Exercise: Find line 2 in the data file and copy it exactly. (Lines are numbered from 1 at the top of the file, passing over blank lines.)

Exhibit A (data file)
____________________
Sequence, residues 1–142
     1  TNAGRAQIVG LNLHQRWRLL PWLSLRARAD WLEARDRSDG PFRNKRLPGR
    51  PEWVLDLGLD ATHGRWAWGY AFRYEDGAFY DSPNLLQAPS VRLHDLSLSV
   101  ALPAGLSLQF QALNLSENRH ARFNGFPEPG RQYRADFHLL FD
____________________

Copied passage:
     1  TNAGRAQIVG LNLHQRWRLL PWLSLRARAD WLEARDRSDG PFRNKRLPGR